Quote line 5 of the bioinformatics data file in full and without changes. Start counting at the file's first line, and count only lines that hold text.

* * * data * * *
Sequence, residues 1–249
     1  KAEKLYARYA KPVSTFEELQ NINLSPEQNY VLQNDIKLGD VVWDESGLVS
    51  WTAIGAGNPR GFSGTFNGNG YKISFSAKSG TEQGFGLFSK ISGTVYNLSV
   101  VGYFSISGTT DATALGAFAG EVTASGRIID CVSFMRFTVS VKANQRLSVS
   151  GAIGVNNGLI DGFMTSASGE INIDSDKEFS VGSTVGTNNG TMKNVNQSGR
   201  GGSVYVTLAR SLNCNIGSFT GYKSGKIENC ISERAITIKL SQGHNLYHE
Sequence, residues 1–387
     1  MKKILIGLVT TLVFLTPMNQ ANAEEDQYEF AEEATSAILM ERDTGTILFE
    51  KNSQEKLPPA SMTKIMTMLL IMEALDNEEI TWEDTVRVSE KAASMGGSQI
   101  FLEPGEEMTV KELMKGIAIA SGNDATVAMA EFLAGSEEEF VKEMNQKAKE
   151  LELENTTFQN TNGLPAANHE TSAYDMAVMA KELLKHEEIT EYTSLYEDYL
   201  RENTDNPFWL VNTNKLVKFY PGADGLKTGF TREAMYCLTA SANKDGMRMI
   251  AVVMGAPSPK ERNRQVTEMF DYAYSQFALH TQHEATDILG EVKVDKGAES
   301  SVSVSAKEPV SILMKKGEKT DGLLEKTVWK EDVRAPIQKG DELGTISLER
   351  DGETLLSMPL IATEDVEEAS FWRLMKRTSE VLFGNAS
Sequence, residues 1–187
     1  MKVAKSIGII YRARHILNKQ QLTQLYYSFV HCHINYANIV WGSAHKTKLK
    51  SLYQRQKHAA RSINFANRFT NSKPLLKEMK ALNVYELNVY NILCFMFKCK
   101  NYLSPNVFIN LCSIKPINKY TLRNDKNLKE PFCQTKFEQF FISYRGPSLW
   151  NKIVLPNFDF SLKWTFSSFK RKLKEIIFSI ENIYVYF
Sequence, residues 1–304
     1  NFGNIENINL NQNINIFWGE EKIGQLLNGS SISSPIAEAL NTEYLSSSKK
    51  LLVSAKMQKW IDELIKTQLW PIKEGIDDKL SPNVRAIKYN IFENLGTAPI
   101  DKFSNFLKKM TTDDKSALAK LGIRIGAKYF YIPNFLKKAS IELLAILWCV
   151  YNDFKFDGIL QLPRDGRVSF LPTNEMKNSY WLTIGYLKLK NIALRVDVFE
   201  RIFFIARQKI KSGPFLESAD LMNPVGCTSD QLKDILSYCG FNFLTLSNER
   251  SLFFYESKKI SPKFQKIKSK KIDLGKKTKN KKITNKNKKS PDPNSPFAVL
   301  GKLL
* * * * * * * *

   151  GAIGVNNGLI DGFMTSASGE INIDSDKEFS VGSTVGTNNG TMKNVNQSGR